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Hybrid Working: 4 stumbling blocks you should try to avoid

Hybrid working isn’t a new concept. People have been working partly from home and partly from the office for

By Making Moves London

Hybrid working office

Hybrid working isn’t a new concept. People have been working partly from home and partly from the office for years, however the concept was generally related to start ups and creative companies. Since lockdown started, the necessity of being able to work from other spaces outside of your office couldn’t be stronger. No longer can bosses say it’s impossible to work from home, but that doesn’t mean it’s efficient.

Working from home can be good for completing tasks without disturbance. Although offices are for more than socialising. Studies suggest the most creative ideas come from time with colleagues. Whether that’s purposeful collaboration meetings or just water cooler chats that turn into brilliant ideas.

Whatever reason you’re planning on working flexibly, there are some stumbling blocks you should try to iron out before implementing your hybrid working model.

Number of days

Figuring out how many days your staff should be in the office depends on your business. Doing a survey is a great way to get a general consensus of how people are feeling. But be aware, what people say they want, and what they actually are do are very different. Use the survey to understand what people are looking for, but monitor the first few weeks or even months to see how people’s routines come together. You will eventually start seeing a natural rhythm to people’s lives and can determine a set number of days from there.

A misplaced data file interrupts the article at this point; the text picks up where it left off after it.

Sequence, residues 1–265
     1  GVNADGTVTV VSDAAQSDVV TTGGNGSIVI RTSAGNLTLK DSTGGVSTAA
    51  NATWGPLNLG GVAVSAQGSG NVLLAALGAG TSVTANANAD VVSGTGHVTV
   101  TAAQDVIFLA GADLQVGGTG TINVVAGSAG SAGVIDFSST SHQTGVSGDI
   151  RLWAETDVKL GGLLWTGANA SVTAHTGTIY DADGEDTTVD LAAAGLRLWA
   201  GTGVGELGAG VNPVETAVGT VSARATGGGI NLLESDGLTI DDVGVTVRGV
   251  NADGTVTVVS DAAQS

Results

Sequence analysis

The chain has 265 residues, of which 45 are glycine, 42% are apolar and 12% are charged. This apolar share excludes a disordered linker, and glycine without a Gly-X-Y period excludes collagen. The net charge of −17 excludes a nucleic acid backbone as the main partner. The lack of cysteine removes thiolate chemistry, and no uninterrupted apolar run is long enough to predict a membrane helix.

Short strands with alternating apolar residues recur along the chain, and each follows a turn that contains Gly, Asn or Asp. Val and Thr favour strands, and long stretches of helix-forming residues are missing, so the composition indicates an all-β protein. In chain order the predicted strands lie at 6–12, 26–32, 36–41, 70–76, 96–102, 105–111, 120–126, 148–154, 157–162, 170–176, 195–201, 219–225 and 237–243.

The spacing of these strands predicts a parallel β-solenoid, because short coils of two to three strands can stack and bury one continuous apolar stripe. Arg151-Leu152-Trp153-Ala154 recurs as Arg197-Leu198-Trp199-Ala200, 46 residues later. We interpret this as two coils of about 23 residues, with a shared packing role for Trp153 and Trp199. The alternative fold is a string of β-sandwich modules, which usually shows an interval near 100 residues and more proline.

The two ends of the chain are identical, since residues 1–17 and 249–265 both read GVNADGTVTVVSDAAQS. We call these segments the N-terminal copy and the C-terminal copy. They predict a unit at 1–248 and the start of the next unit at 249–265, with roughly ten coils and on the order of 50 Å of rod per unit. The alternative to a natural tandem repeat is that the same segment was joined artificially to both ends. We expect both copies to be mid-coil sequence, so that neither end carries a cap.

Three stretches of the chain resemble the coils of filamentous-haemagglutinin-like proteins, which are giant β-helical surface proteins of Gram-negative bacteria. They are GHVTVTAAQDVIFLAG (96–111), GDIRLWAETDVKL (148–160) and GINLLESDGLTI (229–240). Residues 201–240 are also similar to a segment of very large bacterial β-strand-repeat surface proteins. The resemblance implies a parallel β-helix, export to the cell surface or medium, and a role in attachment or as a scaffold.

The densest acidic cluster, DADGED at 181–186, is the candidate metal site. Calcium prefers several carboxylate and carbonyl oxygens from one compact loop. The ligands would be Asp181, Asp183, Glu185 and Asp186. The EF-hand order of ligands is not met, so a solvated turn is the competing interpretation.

The other option is to leave it up to your staff. You can use tools such as Envoy and Officely to allow people to book their desks and meeting rooms on the days they want to come in.

Who is in and when

One of the main questions we get asked is whether its best for all staff to be in on the same days, or if it’s better to stagger the days. That is entirely up to you. Both have their positives and negatives. For example, having everyone in on the same day allows cross team working to be more effective, however this could result in needing a bigger office to accommodate everyone. Alternatively you could have different teams in on alternate days. This allows you to have a smaller space, but communication between teams could be an issue.

Remote workers aren’t second class

A big complaint of people who work from home, is that they miss out. I don’t mean miss out on the work banter and in-jokes, but miss out on important information and sometimes even perks and promotions. The age old theory of out of sight, out of mind does occasionally crop up when discussing fully remote colleagues. If you are allowing staff to work remotely, treat them equally.

Encourage team chats

As mentioned, hybrid working doesn’t necessarily align itself to quality communication. It’s imperative that you keep working relationships alive and engaging, by encouraging social chats. Whether that’s on Slack, Teams or even WhatsApp, getting people to have their ‘water cooler chats’, even if it is virtually, is important for team bonding. In turn, this will result in a more unified office environment.

If you’re unsure on how you are going to deal with hybrid working, give us a call. We can talk you through all of the available options so you can pick the right one for you.